Home Buyers Rushed In as Mortgage Rates Rose, Boosting Housing Prices Across U.S.

Home prices continued to surge in virtually every corner of the U.S. during the first quarter as mortgage rates rose rapidly, according to a Tuesday report from the National Association of Realtors.

Many buyers rushed to lock in purchases in the first quarter before rates climbed even higher, according to real-estate agents.

“The housing market remains very active right now,” said

Nick Bailey,

chief executive of


LLC, on a Re/Max Holdings Inc. earnings call last week. “Buyers are rushing to beat anticipated mortgage rate hikes.”

With the average 30-year mortgage rate rising to 5%, homeownership may now be out of reach for millions more Americans. WSJ’s Dion Rabouin explains the impact for potential buyers, sellers and the housing market. Illustration: Adele Morgan

The median sales price for single-family existing homes was higher in the first quarter compared with a year ago in 181 of the 185 metro areas tracked by the NAR, the association said Tuesday. The current housing boom has been geographically widespread, with most metro areas in the country posting robust home-price growth in the past two years.

Home prices and mortgage rates have climbed simultaneously in recent months, raising costs for home shoppers and prompting some to reduce their budgets or drop out of the market. But demand continues to outpace supply, and a persistent shortage of homes for sale is still prompting bidding wars among buyers and pushing prices higher.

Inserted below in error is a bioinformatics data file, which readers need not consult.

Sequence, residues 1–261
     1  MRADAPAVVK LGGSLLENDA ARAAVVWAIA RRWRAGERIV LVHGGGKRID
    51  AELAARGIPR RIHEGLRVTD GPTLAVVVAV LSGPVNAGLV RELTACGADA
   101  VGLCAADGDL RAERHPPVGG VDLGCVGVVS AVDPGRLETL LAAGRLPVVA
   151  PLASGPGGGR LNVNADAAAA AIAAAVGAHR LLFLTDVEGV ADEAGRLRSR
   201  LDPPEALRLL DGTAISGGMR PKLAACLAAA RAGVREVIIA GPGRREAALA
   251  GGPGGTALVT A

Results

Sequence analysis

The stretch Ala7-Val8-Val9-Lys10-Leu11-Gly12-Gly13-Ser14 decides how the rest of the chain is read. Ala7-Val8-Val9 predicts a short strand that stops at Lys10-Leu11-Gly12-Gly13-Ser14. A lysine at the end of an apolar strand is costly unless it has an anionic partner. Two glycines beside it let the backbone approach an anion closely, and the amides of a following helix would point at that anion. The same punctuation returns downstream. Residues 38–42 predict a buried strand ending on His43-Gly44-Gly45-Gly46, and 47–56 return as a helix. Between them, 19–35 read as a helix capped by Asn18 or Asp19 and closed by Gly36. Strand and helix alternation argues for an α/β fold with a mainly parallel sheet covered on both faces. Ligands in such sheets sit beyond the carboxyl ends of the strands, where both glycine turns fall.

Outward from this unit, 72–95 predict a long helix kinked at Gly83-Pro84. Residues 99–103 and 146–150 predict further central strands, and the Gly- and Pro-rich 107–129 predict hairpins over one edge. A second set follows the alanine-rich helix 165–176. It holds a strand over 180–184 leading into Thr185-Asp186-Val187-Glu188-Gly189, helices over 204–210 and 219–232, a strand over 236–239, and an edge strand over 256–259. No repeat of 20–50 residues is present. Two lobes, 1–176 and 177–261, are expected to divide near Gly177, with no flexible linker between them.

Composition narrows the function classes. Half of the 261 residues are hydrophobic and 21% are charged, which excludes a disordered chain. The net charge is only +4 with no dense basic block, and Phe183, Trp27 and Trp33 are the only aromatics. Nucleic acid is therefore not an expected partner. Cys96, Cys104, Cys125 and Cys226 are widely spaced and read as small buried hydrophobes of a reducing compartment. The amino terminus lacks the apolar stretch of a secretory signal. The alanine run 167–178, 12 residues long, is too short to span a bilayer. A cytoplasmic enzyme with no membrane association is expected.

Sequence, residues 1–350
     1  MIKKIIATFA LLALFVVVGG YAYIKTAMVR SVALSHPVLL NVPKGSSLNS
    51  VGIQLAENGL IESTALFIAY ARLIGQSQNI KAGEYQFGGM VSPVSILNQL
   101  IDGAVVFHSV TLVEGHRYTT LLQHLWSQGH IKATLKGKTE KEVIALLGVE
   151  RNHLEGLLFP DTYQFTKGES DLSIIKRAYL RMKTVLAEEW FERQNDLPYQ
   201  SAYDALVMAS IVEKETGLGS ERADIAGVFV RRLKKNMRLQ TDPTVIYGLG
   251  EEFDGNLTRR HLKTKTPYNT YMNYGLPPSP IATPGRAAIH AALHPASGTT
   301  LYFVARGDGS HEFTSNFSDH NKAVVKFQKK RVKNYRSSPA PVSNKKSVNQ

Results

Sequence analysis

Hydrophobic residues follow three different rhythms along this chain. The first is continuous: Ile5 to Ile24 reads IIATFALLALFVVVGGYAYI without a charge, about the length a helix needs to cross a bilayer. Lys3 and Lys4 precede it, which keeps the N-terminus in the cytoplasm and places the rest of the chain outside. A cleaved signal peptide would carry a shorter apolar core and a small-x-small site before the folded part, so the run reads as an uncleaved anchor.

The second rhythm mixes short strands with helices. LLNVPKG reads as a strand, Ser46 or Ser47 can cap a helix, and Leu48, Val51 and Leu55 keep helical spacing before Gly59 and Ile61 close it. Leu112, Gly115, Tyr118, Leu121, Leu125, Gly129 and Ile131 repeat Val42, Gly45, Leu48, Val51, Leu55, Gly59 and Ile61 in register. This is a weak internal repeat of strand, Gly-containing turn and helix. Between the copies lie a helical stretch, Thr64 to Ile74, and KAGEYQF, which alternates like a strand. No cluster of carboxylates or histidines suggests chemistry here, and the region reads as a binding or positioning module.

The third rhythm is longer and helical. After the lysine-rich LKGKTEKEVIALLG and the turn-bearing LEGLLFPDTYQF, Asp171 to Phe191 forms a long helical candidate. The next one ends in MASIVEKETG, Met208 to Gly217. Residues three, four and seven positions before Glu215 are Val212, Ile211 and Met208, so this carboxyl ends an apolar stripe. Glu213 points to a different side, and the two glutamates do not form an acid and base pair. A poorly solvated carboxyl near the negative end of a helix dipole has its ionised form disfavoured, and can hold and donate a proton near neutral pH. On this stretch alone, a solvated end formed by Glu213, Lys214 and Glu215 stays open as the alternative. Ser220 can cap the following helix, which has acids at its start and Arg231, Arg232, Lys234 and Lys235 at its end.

Nationwide, the median single-family existing-home sales price rose 15.7% in the first quarter from a year ago to $368,200, the NAR said.

While mortgage rates have risen at their fastest pace in 35 years, double-digit price gains persisted in most of the country during the first quarter. Median prices rose by at least 10% from a year earlier in 71% of the 185 metro areas, an acceleration from the fourth quarter, when 67% of metro areas reported double-digit-percentage growth.

The average rate on a 30-year fixed-rate mortgage rose from 3.1% at the end of 2021 to 5.1% last week, near the highest level in more than a decade, according to mortgage-finance giant

Freddie Mac.

Rising home prices and mortgage rates have made homeownership less affordable. In the first quarter, the typical monthly mortgage payment for a single-family home rose to $1,383, from $1,064 a year earlier, the NAR said.

Economists expect rising mortgage rates to lead to slower home-price growth by the end of the year. Prices can be slow to respond to changes in buyer activity because sellers often wait weeks before dropping their list prices. Some buyers are also less sensitive to rising rates, such as cash buyers or those moving from high-cost markets to more affordable ones. Homes typically go under contract a month or two before the contract closes, so the first-quarter data largely reflects purchase decisions made in late 2021 or the beginning of the first quarter.


Have you bought or sold a home recently? What is the real-estate market like in your area? Join the conversation below.

The ability for some households to work remotely continues to spur home-buying demand. Millions of millennials are also aging into their prime home-buying years.

The Punta Gorda, Fla., metro area posted the strongest median-price increase in the first quarter, up 34.4% from a year earlier.

Following Punta Gorda was the Ocala, Fla., metro area, up 33.8%, and Ogden, Utah, up 30.8%.

The only metro areas to post declines in the first quarter from a year earlier were Cape Girardeau, Mo., where median prices fell 2%, Topeka, Kan., down 1.9%, and Rockford, Ill., down 1%, the NAR said. Prices were unchanged in Bismarck, N.D.

News Corp, owner of The Wall Street Journal, also operates Realtor.com under license from the National Association of Realtors.

Write to Nicole Friedman at nicole.friedman@wsj.com

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